Influencers must be aware of their responsibility to conspicuously disclose endorsements, sponsorships, and partnerships with brands and companies. The Federal Trade Commission (“FTC”), in its efforts to protect consumers from deceptive advertising, has turned a keen eye to the prevalent use of influencer advertising. One of the most common pitfalls for influencers is the failure to clearly disclose partnerships, which can lead to deceptive advertising. To that end, the FTC released a guide to influencers, “Disclosures 101 for Social Media Influencers” (the “Guide”) which provides a condensed and simple reference tool for social media advertising. The Guide warns, “If you endorse a product through social media, your endorsement message should make it obvious when you have a relationship (‘material connection’) with the brand. A ‘material connection’ to the brand includes a personal, family, or employment relationship or a financial relationship – such as the brand paying you or giving you free or discounted products or services” (emphasis added). Thus, even brand publicity in exchange for free products requires adherence to the strict disclosure guidelines. The simple reference tool of the Guide can save influencer clients from losing brand opportunities, or worse, facing legal consequences for false advertising. Practitioners should keep an eye on the FTC’s regulation in this field, as the Commission has approved a request for comment seeking public input on proposed changes to the FTC’s Guides Concerning the Use of Endorsements and Testimonials in Advertising. This development signals an impending change and likely stricter regulation of influencer advertising.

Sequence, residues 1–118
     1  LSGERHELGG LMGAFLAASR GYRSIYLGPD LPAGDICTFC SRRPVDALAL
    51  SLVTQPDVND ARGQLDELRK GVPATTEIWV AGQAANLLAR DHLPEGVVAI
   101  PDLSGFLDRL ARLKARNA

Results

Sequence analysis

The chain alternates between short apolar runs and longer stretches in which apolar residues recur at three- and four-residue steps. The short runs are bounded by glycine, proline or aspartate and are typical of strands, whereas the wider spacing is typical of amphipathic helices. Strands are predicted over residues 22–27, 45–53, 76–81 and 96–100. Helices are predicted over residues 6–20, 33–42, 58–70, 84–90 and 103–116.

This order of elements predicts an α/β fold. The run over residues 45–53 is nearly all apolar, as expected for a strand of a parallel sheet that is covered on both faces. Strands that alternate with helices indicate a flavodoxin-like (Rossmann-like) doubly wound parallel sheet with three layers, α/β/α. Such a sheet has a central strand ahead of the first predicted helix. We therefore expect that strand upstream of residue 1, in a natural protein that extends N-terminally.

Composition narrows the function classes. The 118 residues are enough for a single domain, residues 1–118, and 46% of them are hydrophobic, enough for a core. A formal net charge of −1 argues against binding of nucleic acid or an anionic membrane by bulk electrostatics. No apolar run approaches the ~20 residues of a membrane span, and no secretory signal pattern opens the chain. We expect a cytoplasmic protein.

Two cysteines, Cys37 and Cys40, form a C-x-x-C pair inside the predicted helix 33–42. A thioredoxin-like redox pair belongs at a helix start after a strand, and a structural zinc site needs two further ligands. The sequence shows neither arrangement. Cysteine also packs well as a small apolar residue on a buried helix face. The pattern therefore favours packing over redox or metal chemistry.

SEC Prosecution of Deceptive Advertising in Securities